UNITED STATES DISTRICT COURT SOUTHERN DISTRICT OF NEW YORK
July 20, 1950
REPUBLIC OF FRANCE
BELSHIPS CO., LIMITED, SKIBS A/S
The opinion of the court was delivered by: HOLTZOFF
This is a suit in admiralty. The libellant served notice of taking depositions of certain named witnesses. The respondent moved to vacate the notice. The motion was denied and the respondent now moves for a reargument.
The question presented is whether local Admiralty Rule 46, governing depositions in admiralty cases, is valid. That rule provides that the taking and use of depositions shall be governed by the Federal Rules of Civil Procedure, 28 U.S.C.A., except that their use shall be limited in the manner expressly provided in the rule. It is urged that this rule is inconsistent with the general Admiralty Rule 46, promulgated by the Supreme Court, 28 U.S.C.A., which provides that 'in all trials in admiralty the testimony of witnesses shall be taken orally in open court, except as otherwise provided by statute, or agreement of parties'.
The general rule, however, regulates only the manner in which the trial shall be conducted. It does not bear on matters preliminary to the trial. Under modern practice, depositions may be taken for purposes of discovery as well as for use at the trial. It necessarily follows, therefore, that by local rule, the District Court may permit the taking of depositions, since their use for discovery does not contravene the general rule. The person taking the depositions is not required to specify the manner in which they are to be used.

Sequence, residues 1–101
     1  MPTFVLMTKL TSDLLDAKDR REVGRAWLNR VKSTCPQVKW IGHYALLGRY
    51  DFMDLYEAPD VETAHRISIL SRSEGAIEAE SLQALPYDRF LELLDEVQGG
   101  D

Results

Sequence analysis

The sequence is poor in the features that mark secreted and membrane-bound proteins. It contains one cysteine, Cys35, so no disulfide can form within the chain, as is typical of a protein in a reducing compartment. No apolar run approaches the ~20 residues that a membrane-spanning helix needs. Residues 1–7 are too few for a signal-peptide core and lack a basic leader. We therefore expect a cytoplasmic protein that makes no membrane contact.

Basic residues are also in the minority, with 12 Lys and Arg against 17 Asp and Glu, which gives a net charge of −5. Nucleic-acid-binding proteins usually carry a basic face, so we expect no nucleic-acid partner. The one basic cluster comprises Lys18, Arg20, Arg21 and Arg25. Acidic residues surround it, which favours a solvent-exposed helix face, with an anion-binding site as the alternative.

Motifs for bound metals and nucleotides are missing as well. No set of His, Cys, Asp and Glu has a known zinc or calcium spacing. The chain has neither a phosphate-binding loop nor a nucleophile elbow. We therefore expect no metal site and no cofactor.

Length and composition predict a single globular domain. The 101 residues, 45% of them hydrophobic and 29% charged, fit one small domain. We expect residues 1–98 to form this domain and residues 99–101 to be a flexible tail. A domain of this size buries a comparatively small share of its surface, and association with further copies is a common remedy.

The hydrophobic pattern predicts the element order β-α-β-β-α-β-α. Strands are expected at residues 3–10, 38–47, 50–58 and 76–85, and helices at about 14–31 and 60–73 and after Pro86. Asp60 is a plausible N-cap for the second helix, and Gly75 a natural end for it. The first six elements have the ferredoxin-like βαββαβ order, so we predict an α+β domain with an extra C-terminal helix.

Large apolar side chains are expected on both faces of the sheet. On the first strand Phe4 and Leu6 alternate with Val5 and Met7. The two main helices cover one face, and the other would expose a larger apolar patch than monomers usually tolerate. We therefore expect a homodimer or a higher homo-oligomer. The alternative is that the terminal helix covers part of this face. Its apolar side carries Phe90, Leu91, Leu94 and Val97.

It is further urged that the rule is inconsistent with the statute regulating the taking of depositions de bene esse for use at the trial (R.S. 863, U. S. Code, old Title 28, sec. 639).
This section has not been repealed, Mercado v. U. S., 2 Cir., 1950, 184 F.2d 24, although it has been superseded by the Federal Rules of Civil Procedure as to all civil actions to which those rules apply. The limitations contained in local Rule 46, however, on the use of depositions at the trial are substantially the same as those found in the de bene esse statute, with but a single exception: inability of a witness to testify by reason of imprisonment is mentioned in the rule, but not in the statute. The last-mentioned item is obviously not involved in this motion and I express no opinion as to it. The remaining portions of the rule are clearly valid.